Blog Archives

Flotsam and jetsam (12/27)

This article challenges that belief by questioning some of Dembski’s assumptions, pointing out some limitations of his analysis, and arguing that a design inference is necessarily a faith-based rather than a scientific inference.

I conclude that most if not all of Foucault’s condemnatory remarks concerning the subject are not intended as a death sentence for the subject per se; rather, his objective is to lay to rest a particular socio-historical construction of the subject and subjectivity. That is, Foucault’s critique is directed expressly at themodern construction of an ahistorical, autonomous subject as sovereign originator of meaning, one untainted by his own particular historical and socio-political context.

Pride – Plagiarism is driven by the refusal of limitation. A student comes up against their own intellectual limits, the time allotted in a busy semester, etc., and, unwilling to accept limitation, compensates by deception.

What do you think about preaching someone else’s sermon?

In On Christian Doctrine 4.62 Augustine argues that it’s perfectly appropriate for a pastor to use sermon’s prepared by someone else. According to him, we should just face the fact that some people are gifted speakers, but not very skilled at study. To use Augustine’s distinction, they are fine “preachers” but they are not very able “teachers.” And, as long as the speaker does not use another person’s work dishonestly (i.e. claiming it for his own), and as long as the church has a coherent teaching (preferably through a singular teacher), there’s nothing wrong with this.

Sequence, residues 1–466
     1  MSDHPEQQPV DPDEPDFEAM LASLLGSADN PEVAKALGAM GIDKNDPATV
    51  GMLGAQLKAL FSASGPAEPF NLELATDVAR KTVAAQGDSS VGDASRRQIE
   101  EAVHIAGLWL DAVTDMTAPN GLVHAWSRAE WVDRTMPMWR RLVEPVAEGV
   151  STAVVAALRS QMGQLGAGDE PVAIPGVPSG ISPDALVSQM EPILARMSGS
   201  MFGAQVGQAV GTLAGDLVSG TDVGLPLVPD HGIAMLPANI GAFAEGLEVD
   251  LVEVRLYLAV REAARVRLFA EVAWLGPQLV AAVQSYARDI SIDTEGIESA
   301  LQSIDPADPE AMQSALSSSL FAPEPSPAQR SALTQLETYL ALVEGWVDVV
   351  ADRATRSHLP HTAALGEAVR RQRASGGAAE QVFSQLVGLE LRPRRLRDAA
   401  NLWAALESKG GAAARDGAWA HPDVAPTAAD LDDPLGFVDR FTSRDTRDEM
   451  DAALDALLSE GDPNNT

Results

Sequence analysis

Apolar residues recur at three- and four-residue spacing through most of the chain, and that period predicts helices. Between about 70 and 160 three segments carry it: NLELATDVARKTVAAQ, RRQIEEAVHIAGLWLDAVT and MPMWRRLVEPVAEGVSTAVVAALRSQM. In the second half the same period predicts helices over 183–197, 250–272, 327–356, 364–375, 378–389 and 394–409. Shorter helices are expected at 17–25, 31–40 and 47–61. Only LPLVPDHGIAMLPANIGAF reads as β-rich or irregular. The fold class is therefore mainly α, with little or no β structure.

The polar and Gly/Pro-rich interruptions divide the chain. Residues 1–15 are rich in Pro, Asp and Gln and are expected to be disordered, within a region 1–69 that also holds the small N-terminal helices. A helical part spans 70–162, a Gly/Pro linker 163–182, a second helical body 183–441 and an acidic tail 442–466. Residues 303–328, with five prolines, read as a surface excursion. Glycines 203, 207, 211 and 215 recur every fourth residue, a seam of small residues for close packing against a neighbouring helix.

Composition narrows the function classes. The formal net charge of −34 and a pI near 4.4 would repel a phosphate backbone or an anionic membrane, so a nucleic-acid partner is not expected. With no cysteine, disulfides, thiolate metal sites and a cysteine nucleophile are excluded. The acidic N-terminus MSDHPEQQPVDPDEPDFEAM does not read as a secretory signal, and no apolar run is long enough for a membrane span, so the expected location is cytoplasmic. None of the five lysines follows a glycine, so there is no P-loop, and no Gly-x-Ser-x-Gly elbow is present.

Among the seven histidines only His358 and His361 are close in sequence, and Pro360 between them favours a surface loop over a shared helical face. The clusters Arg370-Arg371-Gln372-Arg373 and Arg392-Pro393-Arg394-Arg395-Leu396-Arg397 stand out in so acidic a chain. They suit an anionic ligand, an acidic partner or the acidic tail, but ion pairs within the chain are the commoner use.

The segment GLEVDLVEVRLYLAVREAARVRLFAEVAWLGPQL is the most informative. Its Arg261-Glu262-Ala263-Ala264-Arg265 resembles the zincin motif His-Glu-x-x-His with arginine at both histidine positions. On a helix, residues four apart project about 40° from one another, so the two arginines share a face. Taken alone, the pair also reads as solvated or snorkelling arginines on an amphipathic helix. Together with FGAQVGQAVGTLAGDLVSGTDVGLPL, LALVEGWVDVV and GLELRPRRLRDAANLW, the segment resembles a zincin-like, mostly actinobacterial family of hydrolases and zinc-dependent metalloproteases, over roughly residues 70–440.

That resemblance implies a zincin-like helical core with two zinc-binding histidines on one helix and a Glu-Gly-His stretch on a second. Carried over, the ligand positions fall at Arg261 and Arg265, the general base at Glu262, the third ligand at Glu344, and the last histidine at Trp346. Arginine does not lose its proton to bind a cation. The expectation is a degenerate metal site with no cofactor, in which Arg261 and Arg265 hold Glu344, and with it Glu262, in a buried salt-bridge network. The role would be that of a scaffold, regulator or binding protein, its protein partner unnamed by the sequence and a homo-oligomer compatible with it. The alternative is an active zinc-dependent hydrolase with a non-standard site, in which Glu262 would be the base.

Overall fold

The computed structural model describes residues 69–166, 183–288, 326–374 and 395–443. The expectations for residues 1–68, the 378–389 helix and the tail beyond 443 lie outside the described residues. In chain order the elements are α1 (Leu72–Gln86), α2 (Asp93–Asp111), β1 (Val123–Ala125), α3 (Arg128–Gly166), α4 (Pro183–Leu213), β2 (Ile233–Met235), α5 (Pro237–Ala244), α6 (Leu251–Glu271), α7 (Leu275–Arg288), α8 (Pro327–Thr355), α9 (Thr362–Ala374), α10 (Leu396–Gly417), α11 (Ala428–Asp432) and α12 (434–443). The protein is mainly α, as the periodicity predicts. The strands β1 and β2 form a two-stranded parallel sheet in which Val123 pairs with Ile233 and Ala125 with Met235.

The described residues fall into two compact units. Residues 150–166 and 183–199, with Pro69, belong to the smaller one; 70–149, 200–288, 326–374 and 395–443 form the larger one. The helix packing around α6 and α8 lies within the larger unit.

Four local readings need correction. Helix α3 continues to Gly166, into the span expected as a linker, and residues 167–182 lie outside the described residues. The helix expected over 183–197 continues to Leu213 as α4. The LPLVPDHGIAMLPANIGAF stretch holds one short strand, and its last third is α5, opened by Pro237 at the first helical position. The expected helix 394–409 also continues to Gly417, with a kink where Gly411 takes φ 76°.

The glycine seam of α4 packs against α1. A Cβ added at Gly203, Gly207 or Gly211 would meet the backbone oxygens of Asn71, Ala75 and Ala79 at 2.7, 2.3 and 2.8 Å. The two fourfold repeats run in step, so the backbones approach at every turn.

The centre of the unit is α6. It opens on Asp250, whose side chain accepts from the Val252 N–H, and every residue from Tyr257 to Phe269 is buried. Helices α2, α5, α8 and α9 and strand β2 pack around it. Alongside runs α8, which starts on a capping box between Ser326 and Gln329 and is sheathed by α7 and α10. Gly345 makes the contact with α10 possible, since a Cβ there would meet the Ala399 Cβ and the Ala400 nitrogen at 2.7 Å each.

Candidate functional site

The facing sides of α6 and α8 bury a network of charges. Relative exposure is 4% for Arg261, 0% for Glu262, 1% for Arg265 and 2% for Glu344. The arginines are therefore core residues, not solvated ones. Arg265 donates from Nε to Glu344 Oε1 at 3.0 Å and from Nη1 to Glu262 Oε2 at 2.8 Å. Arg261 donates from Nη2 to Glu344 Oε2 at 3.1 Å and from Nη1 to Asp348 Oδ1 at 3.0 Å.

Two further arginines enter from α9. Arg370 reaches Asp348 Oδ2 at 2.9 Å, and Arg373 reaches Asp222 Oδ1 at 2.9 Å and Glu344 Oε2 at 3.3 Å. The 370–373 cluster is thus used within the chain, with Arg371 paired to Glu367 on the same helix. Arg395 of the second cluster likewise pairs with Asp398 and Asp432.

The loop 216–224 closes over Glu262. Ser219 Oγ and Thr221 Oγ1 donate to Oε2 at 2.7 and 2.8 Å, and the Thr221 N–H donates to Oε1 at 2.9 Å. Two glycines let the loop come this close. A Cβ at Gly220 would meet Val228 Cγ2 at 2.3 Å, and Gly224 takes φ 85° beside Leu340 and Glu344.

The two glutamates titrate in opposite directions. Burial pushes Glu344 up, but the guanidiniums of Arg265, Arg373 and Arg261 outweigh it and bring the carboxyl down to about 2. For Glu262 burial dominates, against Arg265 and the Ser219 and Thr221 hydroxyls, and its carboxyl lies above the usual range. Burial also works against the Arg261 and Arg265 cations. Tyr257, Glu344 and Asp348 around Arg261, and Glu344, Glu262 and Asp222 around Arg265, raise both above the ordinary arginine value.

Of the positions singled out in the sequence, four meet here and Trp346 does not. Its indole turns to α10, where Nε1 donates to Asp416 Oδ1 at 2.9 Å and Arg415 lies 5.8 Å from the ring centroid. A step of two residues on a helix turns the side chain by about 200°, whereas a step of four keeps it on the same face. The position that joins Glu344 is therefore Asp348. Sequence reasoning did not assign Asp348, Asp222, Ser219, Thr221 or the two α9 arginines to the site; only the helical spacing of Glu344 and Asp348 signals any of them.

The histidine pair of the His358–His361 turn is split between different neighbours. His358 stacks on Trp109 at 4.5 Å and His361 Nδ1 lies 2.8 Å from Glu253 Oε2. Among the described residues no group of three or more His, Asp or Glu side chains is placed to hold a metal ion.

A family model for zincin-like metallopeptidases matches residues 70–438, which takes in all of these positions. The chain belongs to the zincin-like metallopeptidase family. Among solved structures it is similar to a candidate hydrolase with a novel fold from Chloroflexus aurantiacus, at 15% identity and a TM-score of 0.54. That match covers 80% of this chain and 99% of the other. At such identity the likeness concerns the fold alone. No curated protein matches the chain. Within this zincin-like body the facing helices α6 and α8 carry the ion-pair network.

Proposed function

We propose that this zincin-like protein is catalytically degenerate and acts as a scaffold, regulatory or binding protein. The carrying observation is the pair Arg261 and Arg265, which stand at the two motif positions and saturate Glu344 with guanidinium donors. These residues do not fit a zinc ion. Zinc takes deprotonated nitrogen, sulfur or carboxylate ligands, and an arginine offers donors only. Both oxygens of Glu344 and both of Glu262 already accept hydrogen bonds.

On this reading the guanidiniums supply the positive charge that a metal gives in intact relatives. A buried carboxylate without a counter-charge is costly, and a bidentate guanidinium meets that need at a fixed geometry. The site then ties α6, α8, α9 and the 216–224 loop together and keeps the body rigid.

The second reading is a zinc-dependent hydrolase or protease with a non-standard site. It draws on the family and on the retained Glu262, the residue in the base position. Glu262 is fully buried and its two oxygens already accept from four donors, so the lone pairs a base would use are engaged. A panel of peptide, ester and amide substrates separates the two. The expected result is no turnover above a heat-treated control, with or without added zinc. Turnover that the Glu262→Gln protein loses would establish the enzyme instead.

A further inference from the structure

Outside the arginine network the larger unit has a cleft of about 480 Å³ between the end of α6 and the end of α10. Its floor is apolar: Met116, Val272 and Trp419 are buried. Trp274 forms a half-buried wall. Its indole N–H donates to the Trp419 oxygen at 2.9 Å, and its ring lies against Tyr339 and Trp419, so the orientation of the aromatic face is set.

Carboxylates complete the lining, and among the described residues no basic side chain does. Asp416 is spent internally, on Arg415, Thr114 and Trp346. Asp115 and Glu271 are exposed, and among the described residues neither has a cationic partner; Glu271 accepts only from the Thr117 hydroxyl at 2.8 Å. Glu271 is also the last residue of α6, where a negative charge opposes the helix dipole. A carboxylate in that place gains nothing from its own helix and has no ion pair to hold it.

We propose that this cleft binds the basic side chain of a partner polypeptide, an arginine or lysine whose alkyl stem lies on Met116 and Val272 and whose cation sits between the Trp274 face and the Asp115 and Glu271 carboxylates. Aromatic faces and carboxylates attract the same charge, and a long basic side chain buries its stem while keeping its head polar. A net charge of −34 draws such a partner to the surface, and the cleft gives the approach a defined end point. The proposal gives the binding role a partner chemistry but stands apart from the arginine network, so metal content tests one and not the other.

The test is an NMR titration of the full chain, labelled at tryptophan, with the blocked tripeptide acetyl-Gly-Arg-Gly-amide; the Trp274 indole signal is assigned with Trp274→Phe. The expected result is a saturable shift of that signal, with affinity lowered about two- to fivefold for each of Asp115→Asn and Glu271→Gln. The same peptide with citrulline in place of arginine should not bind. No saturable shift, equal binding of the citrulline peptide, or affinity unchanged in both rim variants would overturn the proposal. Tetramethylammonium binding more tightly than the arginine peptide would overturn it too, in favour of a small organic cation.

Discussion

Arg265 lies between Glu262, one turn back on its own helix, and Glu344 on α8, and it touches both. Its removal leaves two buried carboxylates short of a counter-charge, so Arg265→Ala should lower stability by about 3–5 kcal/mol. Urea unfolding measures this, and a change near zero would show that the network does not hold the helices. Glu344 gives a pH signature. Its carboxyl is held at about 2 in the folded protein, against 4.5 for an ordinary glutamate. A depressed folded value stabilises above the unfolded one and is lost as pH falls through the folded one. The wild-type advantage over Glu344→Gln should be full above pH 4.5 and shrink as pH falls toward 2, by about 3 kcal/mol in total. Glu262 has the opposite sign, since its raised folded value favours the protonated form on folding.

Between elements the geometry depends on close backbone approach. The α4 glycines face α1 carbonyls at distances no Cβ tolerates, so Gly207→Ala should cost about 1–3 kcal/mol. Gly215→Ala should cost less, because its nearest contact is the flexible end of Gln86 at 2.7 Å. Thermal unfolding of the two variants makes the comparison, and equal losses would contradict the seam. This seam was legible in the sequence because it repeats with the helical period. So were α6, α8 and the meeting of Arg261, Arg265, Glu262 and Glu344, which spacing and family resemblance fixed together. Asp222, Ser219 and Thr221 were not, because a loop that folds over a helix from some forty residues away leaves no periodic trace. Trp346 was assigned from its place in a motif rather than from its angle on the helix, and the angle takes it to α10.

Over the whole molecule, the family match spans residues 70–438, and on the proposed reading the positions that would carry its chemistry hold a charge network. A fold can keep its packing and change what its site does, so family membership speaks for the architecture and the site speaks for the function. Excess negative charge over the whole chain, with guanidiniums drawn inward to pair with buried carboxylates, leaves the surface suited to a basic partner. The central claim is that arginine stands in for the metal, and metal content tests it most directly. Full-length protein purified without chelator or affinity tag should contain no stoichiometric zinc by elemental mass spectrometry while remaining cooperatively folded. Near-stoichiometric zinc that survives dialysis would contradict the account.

There are, indeed, some men who have a good delivery, but cannot compose anything to deliver. Now, if such men take what has been written with wisdom and eloquence by others, and commit it to memory, and deliver it to the people, they cannot be blamed, supposing them to do it without deception. For in this way many become preachers of the truth (which is certainly desirable), and yet not many teachers; for all deliver the discourse which one real teacher has composed, and there are no divisions among them.

Augustine goes on to argue that the real “thief,” the true “plagiarist,” is the one who preaches what is not true in his own life: “it is the man who speaks well, but lives badly, who really takes the words that belong to another.”

What do you think? Would you have any problem with a preacher who didn’t prepare his/her own sermons as long as they were honest about it?